Challenging the cookie cutter solutions to philanthropy


Dr Stellah Wairimu Bosire


Recently, the European Union put out a call for funding proposals to support civil society in the ‘protection and promotion of human rights and fundamental freedoms worldwide.’ It may not seem like it on the surface, but this is an example of the problem with philanthropy today.

Philanthropy is bigger than ever right now, and Inside Philanthropy reports that we are in the ‘golden philanthropic years.’ Forbes reports that in 2017, the most recent year that data is available, $12.6 billion was given to charity, as compared to $12.2 dollars in 2016 from top ten givers.

Yet, I, like, Deepmala Mahla of CARE, question the manner in which the process of philanthropy is made. She says, ‘Aid works but not in the cookie cutter solutions’.

The cookie cutter analogy comes from a premise of witnessing the manner in which philanthropy continues to make resources for aid. The funding organisations are too often guided by own interests and goals and shrouded with hidden agendas. These agendas often not recognising how vulnerable communities have evolved to create mechanism of self-governing, organising and resourcing towards social impact.

The recent EU call for funding proposals is a classic example of how philanthropy has not ceded decision-making to communities of practice. The EU excluded local, indigenous, activist led peer grant making communities in the call. Instead assumed an approach that those who would be awarded the kitty of up to a total of $22 million would automatically have the capacity to absorb such grants.

The reality is, many of the organisations that need funds the most aren’t in that kind of position. Equaldex, a collaborative LGBTI site, reports that 73 countries -mostly in the Middle East, Africa and Asia – criminalize same sex relationships which has led to poor movement building, eviction, arbitrary arrest, prosecution as well as forceful closure. Consequently, most of the institutions in these countries would hardly be eligible to have the capacity to absorb EU funds due to inexistent or unstable structures. Of note is that these very regions have been flagged among those whose civil space is reducing with introduction to tougher legislation and control of human rights organisations by the state.

Paradoxically vulnerable populations have found better and meaningful ways of organising through the development of strong participatory peer-led community grant-making mechanisms. These institutions bring certain uniqueness in grant absorption in that they are led by communities which are part of and have lived these experiences. These institutions have a better understanding in areas of priority. It is in these existing structures that social capital has been built through alliances and collaborations which address the disintegrated way aid is resourced to institutions focusing on singular issues, instead of addressing human rights holistically from a gender, race, economic, social, sexual orientation, age, disability, geographical, ethnicity, cultural and political abilities. These institutions also recognise that core support is integral in movement building due to the flexible approach to grant making.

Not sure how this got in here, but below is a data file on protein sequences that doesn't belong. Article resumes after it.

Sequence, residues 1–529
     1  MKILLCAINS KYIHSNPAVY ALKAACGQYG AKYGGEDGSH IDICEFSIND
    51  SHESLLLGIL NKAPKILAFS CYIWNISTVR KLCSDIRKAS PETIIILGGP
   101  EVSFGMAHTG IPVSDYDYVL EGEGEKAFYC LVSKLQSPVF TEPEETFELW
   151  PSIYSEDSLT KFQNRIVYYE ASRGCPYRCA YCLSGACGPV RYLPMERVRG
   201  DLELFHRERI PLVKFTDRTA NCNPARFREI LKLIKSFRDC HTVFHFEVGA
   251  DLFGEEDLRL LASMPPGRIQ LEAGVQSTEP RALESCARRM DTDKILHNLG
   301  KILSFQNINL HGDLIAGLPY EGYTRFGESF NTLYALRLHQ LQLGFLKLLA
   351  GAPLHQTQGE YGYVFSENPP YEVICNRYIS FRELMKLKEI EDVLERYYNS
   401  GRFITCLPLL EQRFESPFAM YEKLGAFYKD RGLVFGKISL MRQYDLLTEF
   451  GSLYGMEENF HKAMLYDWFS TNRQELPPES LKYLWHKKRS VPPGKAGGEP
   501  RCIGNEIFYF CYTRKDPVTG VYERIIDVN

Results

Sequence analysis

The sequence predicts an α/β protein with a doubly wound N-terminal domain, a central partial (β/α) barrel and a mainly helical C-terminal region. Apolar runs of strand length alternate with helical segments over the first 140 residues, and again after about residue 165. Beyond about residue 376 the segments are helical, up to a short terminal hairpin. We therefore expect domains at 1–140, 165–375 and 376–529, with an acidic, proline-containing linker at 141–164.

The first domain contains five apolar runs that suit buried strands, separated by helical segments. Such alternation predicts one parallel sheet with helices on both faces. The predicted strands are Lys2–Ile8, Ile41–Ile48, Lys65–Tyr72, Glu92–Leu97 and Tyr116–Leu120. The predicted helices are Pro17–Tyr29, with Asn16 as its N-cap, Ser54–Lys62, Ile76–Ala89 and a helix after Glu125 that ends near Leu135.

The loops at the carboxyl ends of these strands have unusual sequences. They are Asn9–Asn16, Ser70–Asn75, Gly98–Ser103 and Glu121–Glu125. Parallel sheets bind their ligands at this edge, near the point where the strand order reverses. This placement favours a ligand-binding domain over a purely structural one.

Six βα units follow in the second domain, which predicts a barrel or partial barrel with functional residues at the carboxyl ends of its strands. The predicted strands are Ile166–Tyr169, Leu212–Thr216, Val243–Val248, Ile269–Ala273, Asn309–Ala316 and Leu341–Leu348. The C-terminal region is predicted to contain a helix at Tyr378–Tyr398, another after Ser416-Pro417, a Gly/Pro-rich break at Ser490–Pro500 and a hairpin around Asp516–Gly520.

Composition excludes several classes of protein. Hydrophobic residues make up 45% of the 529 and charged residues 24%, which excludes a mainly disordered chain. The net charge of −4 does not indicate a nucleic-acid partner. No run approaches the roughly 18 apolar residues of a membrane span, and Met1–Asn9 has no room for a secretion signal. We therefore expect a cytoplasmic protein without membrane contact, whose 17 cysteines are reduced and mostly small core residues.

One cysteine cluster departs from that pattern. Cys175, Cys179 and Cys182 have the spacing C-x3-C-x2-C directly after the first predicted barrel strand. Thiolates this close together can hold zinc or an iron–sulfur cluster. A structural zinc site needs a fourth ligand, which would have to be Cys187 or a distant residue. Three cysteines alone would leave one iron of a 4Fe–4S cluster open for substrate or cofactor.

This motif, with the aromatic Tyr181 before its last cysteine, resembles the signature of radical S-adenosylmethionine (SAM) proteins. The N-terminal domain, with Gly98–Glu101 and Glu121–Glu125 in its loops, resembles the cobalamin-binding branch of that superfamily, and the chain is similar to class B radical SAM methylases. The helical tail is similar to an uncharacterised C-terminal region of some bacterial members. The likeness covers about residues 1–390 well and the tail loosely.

Darren Walker, the President of Ford Foundation, is among the few philanthropic leaders who agree with the power of community led grant making. In his commencement speech at John Hopkins University, Walker said, ‘There is no better defender of the vulnerable than civil society: committed, compassionate, engaged citizens organizing themselves — and mobilizing others — to work on behalf of others. Such self-organizing and mobilization are central to disrupting inequality’.

Indeed, people who are impacted by those injustices are better placed to be decision makers and leaders. UHAI- EASHRI, ISDAO, International Trans Fund, Red Umbrella Fund are among institutions that have so far revolutionized grassroot movements towards realizing the rights of the LGBTQI and sex workers.

Aid should no longer be about giving but also about taking stock of how the resources can be maximised effectively and efficiently towards social, economic, racial, civil and human rights attainment. It is time for to be more transparent, inclusive and cognizant of the power of community led grant making structures

Dr. Stellah Wairimu Bosire is the co-executive director of UHAI-EASHRI

Comments (1)

Karen Colvard

The majority of Western Foundations, as a matter of policy, keep control of activities and spending away from capable beneficiaries because they have the power to direct programs; that is, “it’s our money and we know how to spend it.” The incomes of foundation employees, especially the leadership, depend on their supervisory/middlemen roles. Usually the insttutional goal is public acknowledgement of their “contributions,” despite generally poor results.

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